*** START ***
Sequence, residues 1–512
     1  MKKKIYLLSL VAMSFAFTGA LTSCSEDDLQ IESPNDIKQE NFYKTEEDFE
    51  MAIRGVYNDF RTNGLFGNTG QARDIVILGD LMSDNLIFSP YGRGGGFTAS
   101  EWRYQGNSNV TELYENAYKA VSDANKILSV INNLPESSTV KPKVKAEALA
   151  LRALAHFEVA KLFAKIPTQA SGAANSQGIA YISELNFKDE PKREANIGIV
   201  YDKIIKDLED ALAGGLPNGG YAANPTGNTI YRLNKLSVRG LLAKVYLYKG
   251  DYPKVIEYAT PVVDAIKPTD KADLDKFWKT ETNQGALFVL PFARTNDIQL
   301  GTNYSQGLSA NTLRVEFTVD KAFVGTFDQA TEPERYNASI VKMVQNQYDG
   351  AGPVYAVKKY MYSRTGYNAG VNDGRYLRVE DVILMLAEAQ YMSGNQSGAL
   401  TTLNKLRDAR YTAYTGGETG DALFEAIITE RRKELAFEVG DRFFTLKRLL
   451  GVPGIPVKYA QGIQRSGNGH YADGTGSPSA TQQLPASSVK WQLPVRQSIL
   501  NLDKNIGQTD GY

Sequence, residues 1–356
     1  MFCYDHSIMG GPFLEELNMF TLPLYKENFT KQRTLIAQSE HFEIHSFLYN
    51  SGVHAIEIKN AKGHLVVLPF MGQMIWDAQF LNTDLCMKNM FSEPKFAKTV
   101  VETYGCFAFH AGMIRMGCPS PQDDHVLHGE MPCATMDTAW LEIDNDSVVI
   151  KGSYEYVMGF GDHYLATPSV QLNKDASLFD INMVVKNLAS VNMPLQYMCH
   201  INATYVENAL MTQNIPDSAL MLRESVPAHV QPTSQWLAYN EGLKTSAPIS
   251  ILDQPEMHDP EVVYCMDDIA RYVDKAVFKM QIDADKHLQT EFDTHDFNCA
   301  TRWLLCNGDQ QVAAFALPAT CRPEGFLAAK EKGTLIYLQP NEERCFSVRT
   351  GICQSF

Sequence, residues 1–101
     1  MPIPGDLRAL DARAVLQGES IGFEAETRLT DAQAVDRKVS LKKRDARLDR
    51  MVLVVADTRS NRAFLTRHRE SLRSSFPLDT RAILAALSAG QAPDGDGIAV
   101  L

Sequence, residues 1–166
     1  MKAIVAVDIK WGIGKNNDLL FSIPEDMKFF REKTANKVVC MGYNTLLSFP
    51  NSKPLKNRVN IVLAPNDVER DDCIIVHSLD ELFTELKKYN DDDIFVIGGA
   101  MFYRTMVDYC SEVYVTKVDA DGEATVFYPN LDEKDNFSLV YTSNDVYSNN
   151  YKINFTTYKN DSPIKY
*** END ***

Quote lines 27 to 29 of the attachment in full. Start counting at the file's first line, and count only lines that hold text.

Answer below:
     1  MKAIVAVDIK WGIGKNNDLL FSIPEDMKFF REKTANKVVC MGYNTLLSFP
    51  NSKPLKNRVN IVLAPNDVER DDCIIVHSLD ELFTELKKYN DDDIFVIGGA
   101  MFYRTMVDYC SEVYVTKVDA DGEATVFYPN LDEKDNFSLV YTSNDVYSNN